Peter King says talk of terror-threat conspiracy ‘absolutely crazy’

The top Republican on the House Homeland Security committee has challenged suggestions that the Obama administration may have issued recent terrorism alerts to make a stronger case for the National Security Administration’s controversial electronic surveillance program.

(J. Scott Applewhite/AP) - Rep. Peter King (R-N.Y.), chairman of the House Homeland Security committee.
Rep. Peter King (R-N.Y.), chairman of the House Homeland Security committee. (J. Scott Applewhite/AP)

"It's absolutely crazy to say there's any conspiracy here," Rep. Peter King (R-N.Y.) said Sunday on ABC's "This Week". "Just from seeing the intelligence, I've seen it, the government would have been totally negligent to not take the actions taken."

On Friday, the United States closed embassies and issued travel warnings for Americans traveling abroad, citing an unspecified terrorist threat. A New York Times article on Saturday said some analysts and congressional officials view the actions as an attempt by the Obama administration to divert attention from controversy surrounding the NSA’s data-collection program.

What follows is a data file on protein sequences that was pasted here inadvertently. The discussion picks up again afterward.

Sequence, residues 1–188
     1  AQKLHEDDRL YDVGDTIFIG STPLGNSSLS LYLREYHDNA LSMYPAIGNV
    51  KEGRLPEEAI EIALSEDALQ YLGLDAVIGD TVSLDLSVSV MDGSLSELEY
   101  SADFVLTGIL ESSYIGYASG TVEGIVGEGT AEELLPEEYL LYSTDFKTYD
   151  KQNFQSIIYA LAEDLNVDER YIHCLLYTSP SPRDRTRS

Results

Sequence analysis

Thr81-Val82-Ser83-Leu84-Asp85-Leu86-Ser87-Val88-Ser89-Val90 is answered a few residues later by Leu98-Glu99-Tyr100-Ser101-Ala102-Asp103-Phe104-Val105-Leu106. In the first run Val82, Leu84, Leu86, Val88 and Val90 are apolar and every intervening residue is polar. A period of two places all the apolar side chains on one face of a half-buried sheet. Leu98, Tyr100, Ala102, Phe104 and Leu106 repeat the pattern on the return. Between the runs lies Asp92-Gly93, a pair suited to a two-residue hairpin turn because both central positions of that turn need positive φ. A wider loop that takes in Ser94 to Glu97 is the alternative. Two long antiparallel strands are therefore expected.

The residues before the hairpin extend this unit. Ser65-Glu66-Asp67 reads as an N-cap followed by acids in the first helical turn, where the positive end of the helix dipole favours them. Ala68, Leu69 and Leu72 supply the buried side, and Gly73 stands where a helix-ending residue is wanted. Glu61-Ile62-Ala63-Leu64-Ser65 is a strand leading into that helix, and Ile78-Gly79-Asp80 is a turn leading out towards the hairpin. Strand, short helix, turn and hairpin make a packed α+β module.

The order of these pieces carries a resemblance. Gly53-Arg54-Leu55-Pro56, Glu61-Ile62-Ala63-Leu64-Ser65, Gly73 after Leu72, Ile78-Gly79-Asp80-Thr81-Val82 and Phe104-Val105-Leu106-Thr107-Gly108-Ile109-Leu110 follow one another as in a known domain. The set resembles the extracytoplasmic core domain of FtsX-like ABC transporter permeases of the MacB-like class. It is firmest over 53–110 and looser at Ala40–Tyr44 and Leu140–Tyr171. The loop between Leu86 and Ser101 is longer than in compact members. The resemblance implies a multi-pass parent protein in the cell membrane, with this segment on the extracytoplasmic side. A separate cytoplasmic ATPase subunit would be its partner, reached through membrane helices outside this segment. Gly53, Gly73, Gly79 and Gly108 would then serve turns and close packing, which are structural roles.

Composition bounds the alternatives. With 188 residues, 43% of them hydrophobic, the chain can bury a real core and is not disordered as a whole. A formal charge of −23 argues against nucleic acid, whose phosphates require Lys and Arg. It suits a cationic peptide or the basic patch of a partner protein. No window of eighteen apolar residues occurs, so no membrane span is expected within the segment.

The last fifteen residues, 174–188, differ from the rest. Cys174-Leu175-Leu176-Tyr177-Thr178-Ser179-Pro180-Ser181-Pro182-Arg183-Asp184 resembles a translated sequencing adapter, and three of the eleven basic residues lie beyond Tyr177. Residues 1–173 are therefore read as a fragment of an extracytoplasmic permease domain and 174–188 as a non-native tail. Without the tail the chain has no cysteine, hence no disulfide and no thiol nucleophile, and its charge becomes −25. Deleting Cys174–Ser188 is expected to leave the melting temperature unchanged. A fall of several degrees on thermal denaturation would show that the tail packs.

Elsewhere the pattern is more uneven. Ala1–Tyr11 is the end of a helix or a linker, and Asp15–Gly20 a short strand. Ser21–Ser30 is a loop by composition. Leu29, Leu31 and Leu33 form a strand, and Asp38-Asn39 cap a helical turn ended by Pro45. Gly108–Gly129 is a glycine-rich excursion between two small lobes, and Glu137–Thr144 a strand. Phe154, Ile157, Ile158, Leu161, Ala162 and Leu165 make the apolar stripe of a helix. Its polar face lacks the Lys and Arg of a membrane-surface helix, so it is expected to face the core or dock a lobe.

King insisted that the threats are real. "I'm a Republican," he said. "I've had problems with the administration on different issues, but what they are doing now is what has to be done."

Another prominent Republican, Sen. Lindsey Graham (S.C.), defended the NSA program Sunday on CNN's State of the Union. "We need to have policies in place that can deal with the threats that exist and they are real and they are growing," he said.

Graham also suggested that lawmaker criticisms of the NSA program may be misguided. "To members of the Congress who want to reform the NSA program, great," he said. "But if you want to gut it, you make us much less safe and you’re putting our nation at risk."

 

Josh Hicks covers the federal government and anchors the Federal Eye blog. He reported for newspapers in the Detroit and Seattle suburbs before joining the Post as a contributor to Glenn Kessler’s Fact Checker blog in 2011.
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Josh Hicks · August 4, 2013